IMG_1011The French are masters of the dinner party. One of the best ways to share meaningful moments with family and friends is around a meal. Preparing dishes they will enjoy is part of it, but nourishment comes not just from the food but also from the conversation.

BIO-300x300-bordered-1px-white-edgeThe “By Invitation Only” group of bloggers is discussing our ideal dinner party. Mine would be a mash-up of “Babette’s Feast” and the warm gatherings depicted in “Eat, Pray, Love.

It’s curious that when I was looking for titles of movies to give, I came across a wealth of bad examples. The dinner party seems to have gotten a reputation as a moment for Type-A, class-conscious stress. For example, in the 1998 French movie “Le Dîner de Cons,” fancy-pants Parisians have a dinner in which they must bring along an idiot for the others to ridicule, with the dumbest one winning. Or the recent Salma Hayek movie, “Beatriz at Dinner,” in which a Mexican-born masseuse is invited to stay for dinner with her rich, nasty client.

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The breakfast bar set up with aperitifs and hors d’oeuvres.

And then there’s “La Grande Bouffe,” a 1973 comedy in which a group of friends rents out a country house with the intention of committing suicide from overeating and which is a lot more hilarious than it sounds.

At holiday time, I think mostly about bigger soirées, like the one we had last week, a cocktail party with a supercharged buffet. Like any/all the Andy Williams Christmas specials, with more to eat (and no singing, alas). Or the New Year’s Eve bash that Meg Ryan goes to in “When Harry Met Sally.” 

Big gathering or small, I have learned things about successful dinner parties, especially from the French.

What matters:

The food should be made in advance and ready to serve when you move to the table.

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I spy two plastic tumblers for kids. 

Everybody should be seated around the same table; consider assigning seats. Small children can be exiled to a separate table if there are several of them, but whenever possible they should sit with the adults and participate in the conversation.

Comfortable seats for everyone. Nobody over age 30 should ever be forced to sit on a backless bench, no matter how good you think benches look.

Soft lighting, soft music.

What doesn’t matter (all these things are nice but not by any means necessary):

Matching plates, glasses, or matching anything.

Pretty place settings.

Fancy centerpieces.

Beautifully presented dishes.

Silverware set correctly.

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No idea why I have so many dessert photos.

Our dining table seats eight with a leaf, although we can squeeze up to 10. Even with eight, the conversation tends to split into two. That’s OK, but it can be wonderful to have just six at the table and have everybody in the same discussion.

Some years ago, the Carnivore and I cooked a French dinner for my family when we were staying with one of my siblings in the U.S. The entire family came, including aunts and a dear friend of mine. With extra leaves and a card table we got everybody around the same table—21 people if I counted correctly. Usually at family gatherings, there’s a big buffet in the kitchen and everybody grazes at will, finding a spot at the table or in the living room, drawn to the inevitable sports game on TV, with plate perched upon one’s knees.

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Chocolate cups filled with vanilla mascarpone and strawberries. Looks fancy but easy to do ahead.

For our French dinner, the TV was off and the living room was empty. It was a tight squeeze but we were together. The Carnivore and I “plated” the dishes and distributed them. We got a few serving dishes on the table for passing, but there wasn’t much room. We also served seconds. The benefit of an open kitchen is that the cooks are still present.

Wine flowed. I said it was a French dinner.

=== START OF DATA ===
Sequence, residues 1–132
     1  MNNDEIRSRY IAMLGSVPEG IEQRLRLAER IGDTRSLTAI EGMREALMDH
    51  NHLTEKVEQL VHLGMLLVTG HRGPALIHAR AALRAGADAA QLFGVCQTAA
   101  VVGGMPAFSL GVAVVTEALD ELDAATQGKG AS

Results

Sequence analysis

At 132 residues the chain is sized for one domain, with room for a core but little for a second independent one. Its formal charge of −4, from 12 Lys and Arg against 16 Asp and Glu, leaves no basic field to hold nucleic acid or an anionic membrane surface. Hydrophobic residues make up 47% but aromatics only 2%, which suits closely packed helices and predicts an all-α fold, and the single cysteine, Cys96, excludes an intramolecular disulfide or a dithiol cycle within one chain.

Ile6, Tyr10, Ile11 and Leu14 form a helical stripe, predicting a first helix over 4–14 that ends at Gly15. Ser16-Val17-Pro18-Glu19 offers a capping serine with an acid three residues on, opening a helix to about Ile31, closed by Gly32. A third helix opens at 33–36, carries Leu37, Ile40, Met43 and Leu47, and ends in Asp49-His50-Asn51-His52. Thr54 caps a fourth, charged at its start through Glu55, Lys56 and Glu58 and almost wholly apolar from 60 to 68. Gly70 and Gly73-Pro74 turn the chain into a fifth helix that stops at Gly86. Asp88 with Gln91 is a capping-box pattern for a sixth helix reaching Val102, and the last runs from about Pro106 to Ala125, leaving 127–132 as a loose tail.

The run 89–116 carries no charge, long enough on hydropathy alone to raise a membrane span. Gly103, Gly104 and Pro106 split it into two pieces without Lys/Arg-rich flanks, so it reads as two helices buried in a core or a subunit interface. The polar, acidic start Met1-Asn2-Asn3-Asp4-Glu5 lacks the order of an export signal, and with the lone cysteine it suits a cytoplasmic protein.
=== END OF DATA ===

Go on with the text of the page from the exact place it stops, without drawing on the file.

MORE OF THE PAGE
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Magnums are good for a crowd.

The main entertainment was the story-telling by my siblings, who are not only masters of the art but excellent at playing off each other, and playing off our father. Many tears were shed—of laughter.

As everybody finished eating, we collected the plates…but, next came the cheese course. So they stayed put instead of wandering away to check the game (to me, seeing them but once a year was special, whereas they get together quite often, so of course then the style is more relaxed). And after the cheese came dessert. I don’t think they had ever been at the table for such a long time.

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Cocktail station getting prepped for a different party.

That taught me an important lesson—if you want to break the magic, move. It can be nice to stand up after a long stretch of sitting, but the point of courses is that there is a reason to come back to the table after your break. If you are doing a buffet, the fast eaters will be on dessert while the slow eaters are still on the starter. A dinner party is enjoyed slowly, with plenty of pauses.

One of our friends here suffers from rheumatism and usually is the first to go home. But at one dinner party the conversation was particularly lively. Eventually nature called, which led someone to check the time. It was 4 a.m.! The amazing powers of a comfortable chair and scintillating chatter. IMG_4540One last French tip: in season (like now), have a big bowl of mandarines or clementines. Easy to peel, small, refreshing after a big meal, they are more something to do with one’s hands, to prolong the moment, rather than extra food. I’d say they have taken the place of the after-dinner cigarette, since none of our friends smoke. At most dinners we attend–or give–a big bowl of them comes out after the dessert and coffee.

Do check out the other participants in By Invitation Only!

Daily Plate of Crazy

Materfamilias Writes

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34 thoughts on “Let Me Entertain You

    1. Funny enough, I heard an interview with Jacques Pépin recently, related to his new book, and he spoke about these cups. Blow up as many balloons as you need cups. Not too big! Melt some chocolate (microwave is fine–don’t overdo it). One by one, roll the balloons in the chocolate, so they’re covered about halfway up. Place a teaspoon of melted chocolate on a sheet of parchment paper and set a chocolate-covered balloon on it; do for each. White chocolate, milk chocolate, dark chocolate–all work. Refrigerate. When the chocolate is hard, gently pierce the balloons to deflate and carefully tug them away from the chocolate. Refrigerate again.